Commemorated on August 4 and 24
Equal-to-the-Apostles Priest-Martyr Kosma, in the world Constantine, was a
native of Aetolia. He studied at first under the guidance of the archdeacon
Ananios Dervitian, and afterwards continued his education on Holy Mount Athos,
at the Batopedia school of such reknown for the time teachers as Nicholas
Tsartsulis (from Mezova) and Evgenii Bulgaris (afterwards in the years
1775-1779 the archbishop of Ekaterinoslav and the Chersonessus).
Remaining on Athos at
the Philotheia monastery to persevere at spiritual labours, he took vows there
into the monastic order with the name Kosma, and later was ordained priestmonk.
The yearning to guide upon the way of salvation and strengthen the faith of his
brother-Christians impelled Saint Kosma to seek the blessing of his spiritual
fathers and go to Constantinople. There he mastered the art of
eloquent-speaking and, having received the written permission of Patriarch
Seraphim II (and later from his successor Sophronias) to preach the Holy
Gospel, he began to proclaim it at first in the churches of Constantinople and
the surrounding villages, then in the Danubian principalities, in Thessalonika,
in Berrheia, in Macedonia, Chimara, Akarnania, Aetolia, on the islands of Saint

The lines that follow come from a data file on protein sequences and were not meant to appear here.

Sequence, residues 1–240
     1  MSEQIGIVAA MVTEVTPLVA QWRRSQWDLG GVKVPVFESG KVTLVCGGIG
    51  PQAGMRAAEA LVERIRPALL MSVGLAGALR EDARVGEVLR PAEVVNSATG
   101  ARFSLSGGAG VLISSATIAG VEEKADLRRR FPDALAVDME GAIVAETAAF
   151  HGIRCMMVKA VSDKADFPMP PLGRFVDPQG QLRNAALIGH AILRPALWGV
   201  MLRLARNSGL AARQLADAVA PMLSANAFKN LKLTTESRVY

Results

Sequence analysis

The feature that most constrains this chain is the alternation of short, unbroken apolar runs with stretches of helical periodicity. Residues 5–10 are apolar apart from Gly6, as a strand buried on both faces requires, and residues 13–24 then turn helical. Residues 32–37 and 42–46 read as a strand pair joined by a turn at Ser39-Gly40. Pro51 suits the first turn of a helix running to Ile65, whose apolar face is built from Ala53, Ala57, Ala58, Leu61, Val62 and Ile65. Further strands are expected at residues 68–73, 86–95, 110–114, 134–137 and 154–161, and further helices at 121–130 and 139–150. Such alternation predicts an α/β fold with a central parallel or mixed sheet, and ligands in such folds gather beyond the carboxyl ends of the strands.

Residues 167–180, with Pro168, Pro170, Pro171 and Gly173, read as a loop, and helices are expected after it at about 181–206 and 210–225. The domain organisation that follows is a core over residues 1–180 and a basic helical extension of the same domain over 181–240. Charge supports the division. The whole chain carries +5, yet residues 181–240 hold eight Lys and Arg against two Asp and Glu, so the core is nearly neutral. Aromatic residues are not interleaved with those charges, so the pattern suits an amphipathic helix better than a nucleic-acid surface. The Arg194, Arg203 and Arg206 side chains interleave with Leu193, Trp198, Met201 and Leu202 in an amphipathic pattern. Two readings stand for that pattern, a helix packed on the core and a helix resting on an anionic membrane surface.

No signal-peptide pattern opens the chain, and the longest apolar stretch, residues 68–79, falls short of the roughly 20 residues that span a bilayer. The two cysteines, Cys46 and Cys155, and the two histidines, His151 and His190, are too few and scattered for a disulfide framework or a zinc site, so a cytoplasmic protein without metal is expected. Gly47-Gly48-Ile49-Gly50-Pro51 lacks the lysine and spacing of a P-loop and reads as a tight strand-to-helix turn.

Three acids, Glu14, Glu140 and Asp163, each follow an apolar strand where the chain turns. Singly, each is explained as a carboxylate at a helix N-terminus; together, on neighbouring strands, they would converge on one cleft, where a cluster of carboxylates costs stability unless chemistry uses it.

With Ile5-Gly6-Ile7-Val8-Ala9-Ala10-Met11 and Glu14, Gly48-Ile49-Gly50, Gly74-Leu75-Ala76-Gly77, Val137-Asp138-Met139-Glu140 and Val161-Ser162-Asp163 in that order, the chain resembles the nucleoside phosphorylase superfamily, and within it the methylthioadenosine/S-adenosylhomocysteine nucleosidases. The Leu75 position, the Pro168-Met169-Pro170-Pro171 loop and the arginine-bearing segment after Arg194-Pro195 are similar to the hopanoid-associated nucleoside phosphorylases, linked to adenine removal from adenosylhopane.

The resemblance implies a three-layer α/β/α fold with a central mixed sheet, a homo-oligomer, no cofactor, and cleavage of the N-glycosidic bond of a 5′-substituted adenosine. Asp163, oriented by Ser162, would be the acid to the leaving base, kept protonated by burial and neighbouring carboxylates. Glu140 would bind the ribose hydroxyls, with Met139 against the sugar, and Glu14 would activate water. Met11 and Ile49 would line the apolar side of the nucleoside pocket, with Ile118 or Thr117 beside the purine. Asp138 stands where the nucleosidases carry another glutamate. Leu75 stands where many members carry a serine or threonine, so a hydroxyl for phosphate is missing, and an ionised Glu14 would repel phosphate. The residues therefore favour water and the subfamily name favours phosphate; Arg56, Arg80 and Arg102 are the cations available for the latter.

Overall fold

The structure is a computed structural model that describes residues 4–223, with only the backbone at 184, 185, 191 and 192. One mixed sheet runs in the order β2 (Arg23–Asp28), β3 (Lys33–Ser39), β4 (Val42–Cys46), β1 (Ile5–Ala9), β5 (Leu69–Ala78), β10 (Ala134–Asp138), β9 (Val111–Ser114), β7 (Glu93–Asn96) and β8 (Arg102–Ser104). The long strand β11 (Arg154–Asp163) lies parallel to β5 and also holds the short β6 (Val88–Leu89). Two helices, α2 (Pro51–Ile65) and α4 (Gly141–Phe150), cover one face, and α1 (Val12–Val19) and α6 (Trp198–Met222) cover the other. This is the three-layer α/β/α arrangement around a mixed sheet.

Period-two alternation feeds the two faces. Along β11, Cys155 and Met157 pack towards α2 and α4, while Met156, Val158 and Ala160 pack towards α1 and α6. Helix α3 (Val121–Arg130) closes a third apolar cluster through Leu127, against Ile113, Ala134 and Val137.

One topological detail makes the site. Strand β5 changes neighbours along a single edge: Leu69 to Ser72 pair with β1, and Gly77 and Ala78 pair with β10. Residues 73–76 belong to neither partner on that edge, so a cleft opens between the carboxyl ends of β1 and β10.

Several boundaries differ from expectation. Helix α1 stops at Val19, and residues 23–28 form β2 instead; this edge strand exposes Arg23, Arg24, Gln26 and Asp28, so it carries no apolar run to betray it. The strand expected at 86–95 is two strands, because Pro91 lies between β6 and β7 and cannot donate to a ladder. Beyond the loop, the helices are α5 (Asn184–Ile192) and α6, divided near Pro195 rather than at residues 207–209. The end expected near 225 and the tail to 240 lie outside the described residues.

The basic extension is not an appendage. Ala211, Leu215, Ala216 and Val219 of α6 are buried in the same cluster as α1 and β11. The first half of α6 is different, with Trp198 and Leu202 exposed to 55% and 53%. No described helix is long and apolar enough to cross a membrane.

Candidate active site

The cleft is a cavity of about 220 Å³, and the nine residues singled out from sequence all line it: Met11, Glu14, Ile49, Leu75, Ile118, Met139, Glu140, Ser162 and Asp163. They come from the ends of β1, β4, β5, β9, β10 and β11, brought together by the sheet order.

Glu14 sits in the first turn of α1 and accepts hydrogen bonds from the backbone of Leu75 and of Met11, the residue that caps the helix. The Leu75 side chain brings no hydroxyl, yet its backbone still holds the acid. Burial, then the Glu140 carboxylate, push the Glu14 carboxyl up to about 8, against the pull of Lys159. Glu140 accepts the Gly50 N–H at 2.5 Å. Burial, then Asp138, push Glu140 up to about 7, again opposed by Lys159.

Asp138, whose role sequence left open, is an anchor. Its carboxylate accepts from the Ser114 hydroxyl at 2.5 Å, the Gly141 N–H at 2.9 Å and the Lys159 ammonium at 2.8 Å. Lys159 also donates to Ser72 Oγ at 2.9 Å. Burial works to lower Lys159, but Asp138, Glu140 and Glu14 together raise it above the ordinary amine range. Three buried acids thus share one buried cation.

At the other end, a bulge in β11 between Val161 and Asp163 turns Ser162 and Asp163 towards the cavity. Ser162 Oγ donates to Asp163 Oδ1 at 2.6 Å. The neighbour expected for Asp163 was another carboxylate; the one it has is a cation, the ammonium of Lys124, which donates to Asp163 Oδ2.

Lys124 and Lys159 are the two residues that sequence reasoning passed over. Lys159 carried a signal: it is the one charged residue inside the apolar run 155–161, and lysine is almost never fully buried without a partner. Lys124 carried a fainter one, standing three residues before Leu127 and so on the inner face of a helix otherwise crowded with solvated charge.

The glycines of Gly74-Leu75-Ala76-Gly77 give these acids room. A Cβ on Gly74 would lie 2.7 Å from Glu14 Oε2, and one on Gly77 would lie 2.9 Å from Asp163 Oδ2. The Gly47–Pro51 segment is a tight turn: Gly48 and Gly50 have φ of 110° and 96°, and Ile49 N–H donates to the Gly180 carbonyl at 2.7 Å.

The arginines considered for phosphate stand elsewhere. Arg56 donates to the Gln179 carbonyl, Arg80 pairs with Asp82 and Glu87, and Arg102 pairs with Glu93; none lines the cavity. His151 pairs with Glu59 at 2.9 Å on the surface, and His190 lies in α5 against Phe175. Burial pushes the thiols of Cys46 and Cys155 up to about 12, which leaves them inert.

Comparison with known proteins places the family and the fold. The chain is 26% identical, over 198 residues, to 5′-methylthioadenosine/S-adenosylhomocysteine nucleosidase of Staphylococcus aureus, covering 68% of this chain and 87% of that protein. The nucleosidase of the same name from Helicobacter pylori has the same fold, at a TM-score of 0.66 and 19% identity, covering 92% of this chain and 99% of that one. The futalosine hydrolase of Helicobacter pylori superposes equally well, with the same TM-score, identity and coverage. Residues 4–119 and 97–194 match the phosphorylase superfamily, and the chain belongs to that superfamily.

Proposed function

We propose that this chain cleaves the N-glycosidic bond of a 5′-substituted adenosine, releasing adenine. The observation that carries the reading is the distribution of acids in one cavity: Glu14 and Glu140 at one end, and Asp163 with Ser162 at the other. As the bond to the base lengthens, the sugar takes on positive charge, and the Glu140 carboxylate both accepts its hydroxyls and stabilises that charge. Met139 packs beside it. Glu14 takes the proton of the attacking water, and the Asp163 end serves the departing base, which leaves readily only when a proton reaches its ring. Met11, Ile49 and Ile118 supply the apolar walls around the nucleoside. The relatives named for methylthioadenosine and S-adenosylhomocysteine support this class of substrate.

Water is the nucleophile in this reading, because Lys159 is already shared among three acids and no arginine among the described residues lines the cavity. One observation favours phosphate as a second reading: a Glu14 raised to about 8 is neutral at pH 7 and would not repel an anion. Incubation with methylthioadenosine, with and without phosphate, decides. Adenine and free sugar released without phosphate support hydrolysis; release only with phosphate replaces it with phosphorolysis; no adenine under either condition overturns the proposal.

Maura, Kephalonia and other places. His preaching, filled with the grace of the
Holy Spirit, – plain, tranquil and gentle, brought Christians great spiritual
benefit. Just as for His holy Apostles, the Lord Himself assisted him and
affirmed his words with signs and miracles. Preaching in Albania, in those
distant area of it, where Christian piety was almost lost amidst the rough and
coarse people entrenched in sin, Saint Kosma led them with the Word of God to
sincere repentance and improvement.
Under his guidance
church schools were opened in the villages. The rich offered their means for
the betterment of the churches, for the purchase of Holy Books (which the saint
distributed to the literate), veils (which he gave women, admonishing them to
come with veiled heads), rosaries and crosses (which he distributed to the
common folk). Since the churches could not accommodate everyone wanting to hear
the wise preacher, Saint Kosma with an assemblage of priests made the vigil in
the fields, and in city-squares, where thousands of people prayed for the
living and for the dead and were edified by his preaching. And everywhere,
where Saint Kosma halted and preached, the grateful listeners erected a large
wooden cross, which remained thereafter in memory of this.
The apostolic service
of Saint Kosma was brought to a close by a martyr's death in the year 1779. At
65 years of age, he was seized by the Turks and strangled. His body was thrown
into a river and after three days was found by a priest Mark and given burial
near the village of Kalikontasa at the Ardebuzia monastery of the Entrance into
the Temple of the Most Holy Mother of God. Afterwards part of his relics were
transferred for blessing at various places.
© 1996-2001 by translator Fr. S. Janos.